Native advertising is the way forward. It really is that simple. In an age of banner blindness, the way to attract attention is to be front and centre rather than inside an MPU.
Even with something so simple as brands putting their messages across in content they have paid to create and to place, there still seems to be room for the online marketing industry to get it wrong. Research today reveals that one in three consumers are confused as to whether they have just read native or editorial.
Considering that native offers the best chance to get noticed, particularly in mobile, this finding is very troubling for brands. But this is not a new development. It has been seen in print.-- and continues to be.
I have written for companies that produce supplements which are inserted within national newspapers, and the lengths I went to to try to explain publishing laws around advertorials were extensive and largely ignored. That's why it's only very recently that you'll find the third party supplements which fall out of a newspaper have started to mention they are "ad supported" -- or, more rarely, feature "Advertising Feature" next to an article's headline.
Trust me -- for years these supplements were going out without reference to their content being paid-for advertorial. The bit I'm going to pat myself on the back for here is that this had an obvious impact. Readers didn't trust "editorial" that looked paid for and so it was largely ignored, particularly when the only company quoted in the article just happened to be advertising right next to the article.
The knock-on effect was that the publishers of these articles eventually had to begin putting some form of disclaimer within their supplements, and as I predicted all along, the big news brands realised that if they are distributing these supplements, people associate the content with their brand image. Thus, you might as well do it yourself and get it right. Decent supplements with responsibly labelled warnings of advertorial content,
The way things were going, nobody won. Advertisers were not being transparent, readers didn't trust the content and the media brands looked like they were trying to hoodwink consumers -- the fact they were merely distributing the content, not creating it, was a point lost on most readers.
So the guys who originally saw the gap in the market for native content to be distributed by print newspapers are struggling, from what I see, to make the transition to online where media owners are taking over the process.
The Guardian is a very good example. It has a massive native team that publishes articles and runs content hubs for brands in a way that is highly professional, legal and transparent. The content is left to professionals to prevent brands turning it in to sales pitches, meaning they get engaging copy which is clearly labelled as sponsored.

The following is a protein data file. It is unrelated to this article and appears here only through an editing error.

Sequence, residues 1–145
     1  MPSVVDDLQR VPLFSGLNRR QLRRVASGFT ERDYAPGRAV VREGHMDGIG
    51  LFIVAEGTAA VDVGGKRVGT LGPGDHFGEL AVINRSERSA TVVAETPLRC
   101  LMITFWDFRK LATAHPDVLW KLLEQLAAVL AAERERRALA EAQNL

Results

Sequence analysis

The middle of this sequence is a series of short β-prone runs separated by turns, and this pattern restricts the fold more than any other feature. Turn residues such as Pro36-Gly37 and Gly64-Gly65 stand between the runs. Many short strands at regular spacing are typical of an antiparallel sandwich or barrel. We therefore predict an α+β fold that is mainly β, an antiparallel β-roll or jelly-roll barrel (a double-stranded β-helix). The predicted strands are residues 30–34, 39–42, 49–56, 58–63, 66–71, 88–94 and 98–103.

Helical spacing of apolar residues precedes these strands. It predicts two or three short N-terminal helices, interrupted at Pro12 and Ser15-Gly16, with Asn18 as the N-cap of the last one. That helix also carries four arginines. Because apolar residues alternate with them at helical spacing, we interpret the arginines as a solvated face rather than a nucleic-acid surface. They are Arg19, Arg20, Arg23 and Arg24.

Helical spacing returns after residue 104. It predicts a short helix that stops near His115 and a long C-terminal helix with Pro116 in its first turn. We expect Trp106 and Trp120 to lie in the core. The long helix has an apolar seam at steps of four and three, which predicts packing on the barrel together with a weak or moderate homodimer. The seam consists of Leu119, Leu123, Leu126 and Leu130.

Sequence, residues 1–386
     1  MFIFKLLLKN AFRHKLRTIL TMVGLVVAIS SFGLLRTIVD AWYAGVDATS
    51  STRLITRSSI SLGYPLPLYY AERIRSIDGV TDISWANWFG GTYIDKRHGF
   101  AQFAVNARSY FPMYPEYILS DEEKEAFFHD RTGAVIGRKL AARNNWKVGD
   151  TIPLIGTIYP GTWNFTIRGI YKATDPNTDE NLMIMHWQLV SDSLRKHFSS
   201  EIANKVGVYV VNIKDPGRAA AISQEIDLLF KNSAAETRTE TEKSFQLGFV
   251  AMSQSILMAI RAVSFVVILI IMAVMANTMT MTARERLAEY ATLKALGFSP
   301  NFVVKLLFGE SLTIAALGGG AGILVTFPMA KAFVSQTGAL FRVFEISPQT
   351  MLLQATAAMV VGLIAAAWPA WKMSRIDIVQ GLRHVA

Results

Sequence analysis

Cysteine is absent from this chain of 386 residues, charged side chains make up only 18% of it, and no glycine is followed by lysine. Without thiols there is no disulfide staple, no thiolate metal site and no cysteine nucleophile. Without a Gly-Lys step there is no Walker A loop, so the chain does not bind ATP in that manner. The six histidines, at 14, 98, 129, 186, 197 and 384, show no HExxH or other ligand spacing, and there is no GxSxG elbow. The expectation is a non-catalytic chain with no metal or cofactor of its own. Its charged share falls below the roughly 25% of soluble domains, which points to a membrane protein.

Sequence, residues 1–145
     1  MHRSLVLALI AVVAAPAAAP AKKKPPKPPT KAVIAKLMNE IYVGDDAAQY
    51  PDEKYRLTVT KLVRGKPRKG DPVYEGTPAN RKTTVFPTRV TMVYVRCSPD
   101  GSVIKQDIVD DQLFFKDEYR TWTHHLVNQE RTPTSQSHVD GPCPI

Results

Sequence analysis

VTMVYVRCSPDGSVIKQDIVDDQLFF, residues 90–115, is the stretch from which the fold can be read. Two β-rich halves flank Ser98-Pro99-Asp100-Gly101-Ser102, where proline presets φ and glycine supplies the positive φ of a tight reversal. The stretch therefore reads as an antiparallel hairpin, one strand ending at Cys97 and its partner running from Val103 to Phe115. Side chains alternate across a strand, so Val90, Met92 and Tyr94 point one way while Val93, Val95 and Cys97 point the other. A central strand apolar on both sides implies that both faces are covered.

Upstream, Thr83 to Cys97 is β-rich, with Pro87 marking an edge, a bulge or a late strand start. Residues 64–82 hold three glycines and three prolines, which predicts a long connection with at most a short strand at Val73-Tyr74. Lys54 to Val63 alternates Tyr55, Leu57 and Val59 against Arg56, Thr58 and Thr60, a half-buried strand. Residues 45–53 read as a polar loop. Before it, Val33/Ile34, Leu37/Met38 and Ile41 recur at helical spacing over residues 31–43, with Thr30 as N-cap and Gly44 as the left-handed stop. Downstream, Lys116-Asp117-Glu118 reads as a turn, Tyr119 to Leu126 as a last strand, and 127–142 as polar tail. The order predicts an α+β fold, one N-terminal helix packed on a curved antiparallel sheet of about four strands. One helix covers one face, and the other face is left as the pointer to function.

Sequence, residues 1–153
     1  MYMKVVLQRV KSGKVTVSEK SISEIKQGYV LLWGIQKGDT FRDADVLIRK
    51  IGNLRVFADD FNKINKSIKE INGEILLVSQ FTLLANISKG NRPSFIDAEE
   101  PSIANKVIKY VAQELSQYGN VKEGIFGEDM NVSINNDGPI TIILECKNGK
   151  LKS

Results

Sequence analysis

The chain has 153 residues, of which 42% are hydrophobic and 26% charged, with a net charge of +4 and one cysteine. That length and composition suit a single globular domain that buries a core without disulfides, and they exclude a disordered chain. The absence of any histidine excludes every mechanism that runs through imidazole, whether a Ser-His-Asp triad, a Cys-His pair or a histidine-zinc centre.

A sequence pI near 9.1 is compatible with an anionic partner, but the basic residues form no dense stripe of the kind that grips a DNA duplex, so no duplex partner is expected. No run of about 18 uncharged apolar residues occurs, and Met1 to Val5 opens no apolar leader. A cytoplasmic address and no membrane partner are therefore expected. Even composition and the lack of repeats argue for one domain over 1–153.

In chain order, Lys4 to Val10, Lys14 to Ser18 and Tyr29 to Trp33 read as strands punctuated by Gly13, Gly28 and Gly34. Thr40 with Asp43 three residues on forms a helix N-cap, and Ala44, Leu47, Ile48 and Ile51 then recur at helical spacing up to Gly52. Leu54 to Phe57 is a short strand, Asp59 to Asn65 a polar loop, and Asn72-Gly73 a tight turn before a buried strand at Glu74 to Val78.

While media owners have largely got their own house in order, though, they seem to have been blindsided by native platforms which, in some cases, do to their good name exactly what the print 'chancers' were doing just a few years ago.
It's a remarkably similar situation and there are three very simple points that need consideration to protect what could be a golden route to reach engaged consumers.
1. Publishers should grow a proverbial 'pair'. They've been far too quick to allow third parties to take over a portion of their page, typically underneath an article, which feature the loosest of references to the fact the article might be paid content - such as 'More From Around The Web'. Media owners need to dictate the terms of engagement because it's their brand at the top of the page.
2. Advertisers need to look after their image. It always amazes me the great lengths they go to to ensure their adverts only end up where they are comfortable appearing compared to how they allow content they have created to hoodwink consumers. I think most consumers realise an advertiser never has control over the content on the page they appear on and they realise that with the way ads are sprayed around the net, the odd mistake will happen. I'm not saying brand safety isn't important but what I am saying is consumers will judge a brand more harshly if they don't protect their image in a process they should have full control over - placing their content on a third party site.
So brands, if your paid-for content is out there mascarading as editorial You need to take steps. It's down to you to ensure it features a disclaimer.
3 The platforms also need to step up to the plate here. Brands and publishers have been like kids in a sweet shop. The exact same thing happened in print until the publishers and advertisers scoffed their faces right until the point they needed a mouthful of fillings.
So unless the platforms take better control of this, they will find themselves on the unfortunate side of media owners and advertisers going direct to ensure transparency is observed and brand image maintained.